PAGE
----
Date of this Version
2018 by the authors
Small water systems can experience a fluctuating quality of water in the distribution system after disinfection. As chlorine is the most common disinfectant for small systems, the occurrence of disinfection byproducts (DBPs) represents a common problem for these systems. Riverbank filtration (RBF) can be a valuable solution for small communities located on riverbanks. The objectives of this study were to evaluate (i) the improvements in water quality at two selected RBF systems, and (ii) the potential lower concentrations of DBPs, in particular, trihalomethanes (THMs), in small systems that use RBF. Two small communities in Nebraska, Auburn and Nebraska City, using RBF were selected. Results from this study highlight the ability of RBF systems to consistently improve the quality of the source water and reduce the occurrence of THMs in the distribution water. However, the relative removal of THMs was directly impacted by the dissolved organic carbon (DOC) removal. Different THM concentrations and different DOC removals were observed at the two RBF sites due to the different travel distances between the river and the extractions wells.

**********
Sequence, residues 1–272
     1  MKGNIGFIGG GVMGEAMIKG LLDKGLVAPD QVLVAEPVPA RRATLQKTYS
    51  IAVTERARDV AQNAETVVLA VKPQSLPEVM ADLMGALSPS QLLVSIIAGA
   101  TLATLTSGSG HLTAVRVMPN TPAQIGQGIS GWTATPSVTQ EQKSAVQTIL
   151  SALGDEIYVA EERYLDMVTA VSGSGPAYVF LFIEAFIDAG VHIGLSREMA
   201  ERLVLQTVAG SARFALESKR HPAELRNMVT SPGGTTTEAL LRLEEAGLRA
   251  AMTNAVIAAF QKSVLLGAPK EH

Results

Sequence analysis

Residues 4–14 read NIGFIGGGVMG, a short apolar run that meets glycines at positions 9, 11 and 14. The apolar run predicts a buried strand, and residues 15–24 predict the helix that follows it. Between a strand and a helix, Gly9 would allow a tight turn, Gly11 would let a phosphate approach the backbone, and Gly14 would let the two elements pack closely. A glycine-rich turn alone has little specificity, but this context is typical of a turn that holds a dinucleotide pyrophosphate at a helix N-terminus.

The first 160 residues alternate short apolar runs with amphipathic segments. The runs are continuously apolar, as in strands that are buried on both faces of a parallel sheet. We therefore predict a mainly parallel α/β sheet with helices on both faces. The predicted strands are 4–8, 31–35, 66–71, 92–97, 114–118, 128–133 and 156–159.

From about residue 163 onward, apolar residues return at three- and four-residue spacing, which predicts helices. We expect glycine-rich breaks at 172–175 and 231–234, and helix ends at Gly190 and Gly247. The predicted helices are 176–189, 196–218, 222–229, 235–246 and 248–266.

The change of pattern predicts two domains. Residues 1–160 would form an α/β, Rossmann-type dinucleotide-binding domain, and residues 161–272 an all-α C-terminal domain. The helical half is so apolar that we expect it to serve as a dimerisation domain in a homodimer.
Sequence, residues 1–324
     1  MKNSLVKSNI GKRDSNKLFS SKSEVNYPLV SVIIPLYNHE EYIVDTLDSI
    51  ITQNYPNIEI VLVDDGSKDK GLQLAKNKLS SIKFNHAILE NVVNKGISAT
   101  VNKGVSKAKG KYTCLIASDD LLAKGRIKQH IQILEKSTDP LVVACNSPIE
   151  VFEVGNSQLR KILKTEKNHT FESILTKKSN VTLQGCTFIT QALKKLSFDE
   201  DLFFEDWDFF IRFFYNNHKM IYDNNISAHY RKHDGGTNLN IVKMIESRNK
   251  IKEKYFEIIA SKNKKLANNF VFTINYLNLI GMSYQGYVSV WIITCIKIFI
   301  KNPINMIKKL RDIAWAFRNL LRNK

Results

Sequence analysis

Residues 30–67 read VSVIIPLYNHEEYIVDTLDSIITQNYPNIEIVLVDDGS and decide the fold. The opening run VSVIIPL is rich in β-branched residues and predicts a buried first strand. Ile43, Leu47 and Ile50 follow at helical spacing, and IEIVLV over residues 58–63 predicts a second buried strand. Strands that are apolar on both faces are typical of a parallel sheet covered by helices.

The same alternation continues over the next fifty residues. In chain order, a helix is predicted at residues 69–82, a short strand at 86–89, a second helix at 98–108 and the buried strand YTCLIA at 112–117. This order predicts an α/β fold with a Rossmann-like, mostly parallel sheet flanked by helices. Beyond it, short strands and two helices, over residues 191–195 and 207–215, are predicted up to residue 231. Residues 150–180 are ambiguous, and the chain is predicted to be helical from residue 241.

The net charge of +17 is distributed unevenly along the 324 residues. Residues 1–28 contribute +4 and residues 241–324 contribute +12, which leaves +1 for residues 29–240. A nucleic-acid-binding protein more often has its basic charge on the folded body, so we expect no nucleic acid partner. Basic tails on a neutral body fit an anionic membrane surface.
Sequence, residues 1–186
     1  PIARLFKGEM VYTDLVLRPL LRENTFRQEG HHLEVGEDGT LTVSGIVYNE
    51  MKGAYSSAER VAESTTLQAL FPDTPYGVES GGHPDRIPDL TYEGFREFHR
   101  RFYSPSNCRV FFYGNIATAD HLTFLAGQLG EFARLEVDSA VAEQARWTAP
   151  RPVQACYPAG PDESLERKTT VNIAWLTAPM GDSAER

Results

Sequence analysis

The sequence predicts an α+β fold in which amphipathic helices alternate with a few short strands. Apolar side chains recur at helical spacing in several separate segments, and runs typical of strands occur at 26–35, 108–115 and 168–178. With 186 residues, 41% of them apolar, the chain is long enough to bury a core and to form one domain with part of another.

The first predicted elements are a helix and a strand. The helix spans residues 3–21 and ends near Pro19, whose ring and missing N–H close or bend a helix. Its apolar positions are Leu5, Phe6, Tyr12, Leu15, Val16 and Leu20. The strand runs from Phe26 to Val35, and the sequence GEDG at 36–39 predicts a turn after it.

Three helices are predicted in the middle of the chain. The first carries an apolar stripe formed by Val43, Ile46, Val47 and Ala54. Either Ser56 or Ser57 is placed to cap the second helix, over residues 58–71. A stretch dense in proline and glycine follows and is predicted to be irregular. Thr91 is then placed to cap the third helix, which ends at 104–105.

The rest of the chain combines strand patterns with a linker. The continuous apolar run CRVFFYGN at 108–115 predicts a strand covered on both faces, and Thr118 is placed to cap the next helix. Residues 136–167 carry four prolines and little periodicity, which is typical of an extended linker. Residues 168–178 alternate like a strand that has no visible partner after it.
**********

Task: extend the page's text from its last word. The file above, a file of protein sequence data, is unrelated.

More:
Environmental Health and Protection Commons, Environmental Monitoring Commons, Hydraulic Engineering Commons, Hydrology Commons, Natural Resource Economics Commons, Natural Resources and Conservation Commons, Natural Resources Management and Policy Commons, Sustainability Commons, Water Resource Management Commons